Venice Film Festival | An Insider’s Guide

Catch Lily-Rose Depp as a psychic, jump on a speedboat and find out where the best after parties are

by Hannah Bhuiya
Aug 30 2016, 11:00pm

Photo: Giacomo Cosua. George Clooney on a water taxi in Venice 

Ahh. Venice. Or rather, Venezia. This gem of a city has always been a destination of historic charm, culture, and the Venice Film Festival. In its 73rd edition, the VFF is now the oldest film festival in the world; Leone D’Oro has been awarded to only the most auteur of auteur directors from Luis Bunuel and Wim Wenders through to Darren Aronofsky and Sofia Coppola. Slower paced than Cannes or Toronto, Venice is a very European festival – the epitome of La dolce vita.

Photo: Giacomo Cosua. Scarlett Johansson at the Venice Film Festival.

If it were a drink it would be a fresh Bellini (invented in Venice from local products of chilled prosecco and peach juice). This is how you do the VFF properly.

How to get around

Venice is not a city, it’s actually water-bound collection of islands, and you’ll be left in Marco Polo airport if you don’t front up the €110 to navigate through them and into Venice itself. When you get there, head over to Lido where the imposing Palais de Cinema and its sister screening buildings stand.

The ideal situation would be to acquire your own private motoscafo (speedboat) from the get-go, preferably a fine-leather upholstered Riva with driver (and mini-bar) for the entire festival. Or have one provided for you like VFF regulars Scarlett Johansson or Natalie Portman. Otherwise you will need to call a boat service and negotiate with the cash-hungry drivers, seasoned sharks who won’t turn on the engine for less than €70. Either way, it’s worth it. There’s nothing like speeding over the green waters of the lagoon with the wind in your hair.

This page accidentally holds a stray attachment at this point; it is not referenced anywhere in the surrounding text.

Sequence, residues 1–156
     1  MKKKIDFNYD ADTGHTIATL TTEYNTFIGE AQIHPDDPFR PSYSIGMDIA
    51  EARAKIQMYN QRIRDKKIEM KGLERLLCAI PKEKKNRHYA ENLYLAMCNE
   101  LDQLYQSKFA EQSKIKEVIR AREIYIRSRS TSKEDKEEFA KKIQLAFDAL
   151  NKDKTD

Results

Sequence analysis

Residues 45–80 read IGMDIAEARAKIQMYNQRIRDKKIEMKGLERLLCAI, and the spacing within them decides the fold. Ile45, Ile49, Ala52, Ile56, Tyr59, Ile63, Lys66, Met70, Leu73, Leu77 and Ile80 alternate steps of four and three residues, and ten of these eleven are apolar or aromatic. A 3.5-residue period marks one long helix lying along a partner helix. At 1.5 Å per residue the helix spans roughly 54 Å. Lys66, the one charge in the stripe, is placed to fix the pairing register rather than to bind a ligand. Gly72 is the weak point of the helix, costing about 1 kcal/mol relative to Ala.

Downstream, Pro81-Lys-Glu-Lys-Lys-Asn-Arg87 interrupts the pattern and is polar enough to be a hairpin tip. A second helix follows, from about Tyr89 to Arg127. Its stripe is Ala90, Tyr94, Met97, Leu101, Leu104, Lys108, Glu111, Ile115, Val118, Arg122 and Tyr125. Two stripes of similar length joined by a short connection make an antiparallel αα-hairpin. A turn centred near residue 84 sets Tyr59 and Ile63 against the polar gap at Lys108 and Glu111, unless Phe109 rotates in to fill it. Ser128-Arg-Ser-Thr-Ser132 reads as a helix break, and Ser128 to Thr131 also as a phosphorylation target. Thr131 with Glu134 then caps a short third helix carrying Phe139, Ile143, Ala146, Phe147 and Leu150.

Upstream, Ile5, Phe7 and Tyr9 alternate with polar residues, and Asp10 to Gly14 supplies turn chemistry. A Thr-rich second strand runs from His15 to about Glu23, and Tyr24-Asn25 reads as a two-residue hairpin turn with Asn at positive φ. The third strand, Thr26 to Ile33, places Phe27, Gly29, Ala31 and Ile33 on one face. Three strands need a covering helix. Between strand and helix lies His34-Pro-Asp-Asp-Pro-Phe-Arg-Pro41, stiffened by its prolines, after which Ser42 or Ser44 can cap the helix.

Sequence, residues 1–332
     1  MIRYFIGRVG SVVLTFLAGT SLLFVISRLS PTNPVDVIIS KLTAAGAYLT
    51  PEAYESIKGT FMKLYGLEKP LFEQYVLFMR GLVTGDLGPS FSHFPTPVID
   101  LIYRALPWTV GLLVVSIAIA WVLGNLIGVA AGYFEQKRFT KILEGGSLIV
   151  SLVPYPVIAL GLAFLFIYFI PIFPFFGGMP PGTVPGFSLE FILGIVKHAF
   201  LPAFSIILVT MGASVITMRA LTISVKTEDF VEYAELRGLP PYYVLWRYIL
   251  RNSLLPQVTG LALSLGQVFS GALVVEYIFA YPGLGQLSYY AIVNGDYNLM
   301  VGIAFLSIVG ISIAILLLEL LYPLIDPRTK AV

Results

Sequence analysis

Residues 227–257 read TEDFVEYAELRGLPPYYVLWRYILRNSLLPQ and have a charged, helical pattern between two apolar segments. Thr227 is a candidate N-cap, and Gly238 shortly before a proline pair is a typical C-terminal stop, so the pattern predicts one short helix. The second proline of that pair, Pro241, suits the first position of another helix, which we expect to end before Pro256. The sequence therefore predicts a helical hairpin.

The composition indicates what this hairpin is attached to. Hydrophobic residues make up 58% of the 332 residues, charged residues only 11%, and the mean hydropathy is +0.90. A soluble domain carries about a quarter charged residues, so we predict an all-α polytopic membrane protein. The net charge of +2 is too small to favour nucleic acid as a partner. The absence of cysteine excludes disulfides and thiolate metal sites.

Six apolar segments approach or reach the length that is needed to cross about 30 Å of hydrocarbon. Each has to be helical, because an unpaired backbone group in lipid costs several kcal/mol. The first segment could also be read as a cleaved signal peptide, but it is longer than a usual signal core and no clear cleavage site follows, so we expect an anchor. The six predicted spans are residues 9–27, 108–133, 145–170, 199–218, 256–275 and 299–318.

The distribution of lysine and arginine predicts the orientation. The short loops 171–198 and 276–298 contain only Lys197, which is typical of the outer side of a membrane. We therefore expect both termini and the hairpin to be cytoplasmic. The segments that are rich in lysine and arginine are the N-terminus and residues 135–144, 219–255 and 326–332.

Photo: Giacomo Cosua. Venice, Italy.

Lord Byron used to swim all the way from his palazzo near Campo San Stefano to the Lido, but that’s not recommended in a tux, and the water isn’t quite as pellucid in 2016 as it was in 1817.

If you have hours to spare, you can take the public vaporetto (waterbus) Linea 1 or 2 to Lido. (But expect to be pressed up against sight-seeing families who have no idea there’s a film festival on.) Savvy insiders know that a special ‘Linea 20’ is put on during the VFF – marked ‘Lido Casino,’ it’s free to ride with VFF accreditation.

Getting back to Venice after the evening premieres is somehow much easier; go to the small dock beneath the Excelsior Hotel, where all the private drivers stop; get chatting with a nice group and you will be riding along gratis. You could even share the boat with the jury, as they head to the Bauer Hotel Terrace to discuss films over a few bottles of prosecco. It’s Venice’s answer to Uber pool.

What to see

Venice is very much a cinéastes festival, with a focus on cinema history as well as new releases, so to make influential friends, try to know your Garrone from Guadagnino and your Fellini from your Fassbinder. This year, the jury features the British director Sam Mendes, New York artist Laurie Anderson and film scion Chiara Mastroianni and fearless documentary maker Joshua Oppenheimer, who showed his bold work on the Indonesian genocide The Look of Silence at the 2014 Festival.

Photo: Giacomo Cosua. The red carpet at the Venice Film Festival.

‘In Competition’ films that are full of beautiful people this season include a new Tom Ford directorial offering, Nocturnal Animals with Jake Gyllenhall and Amy Adams; The Bad Batch with Keanu Reeves and Jim Carrey as American cannibals from Ana Lily Aminpour; Voyage of Time, an epic IMAX documentary on the workings of the Universe from Terence Malick, narrated by Cate Blanchet; and Serbian icon Emir Kusturica gives us Monica Bellucci as a mysterious temptress in On the Milky Road.

Photo: Giacomo Cosua. Gia Coppola, James Franco and Claudia Levy at the Venice Film Festival.

Star-spotters should also scan through the ‘Out of Competition’ premiere for their particular celebrity crushes. Love him or hate him, renowned rage-a-holic Mel Gibson will (ironically) be in Venice with a new war movie Hacksaw Ridge, where Andrew Garfield plays a conscientious objector who gets sent to the front lines but refuses to use a weapon.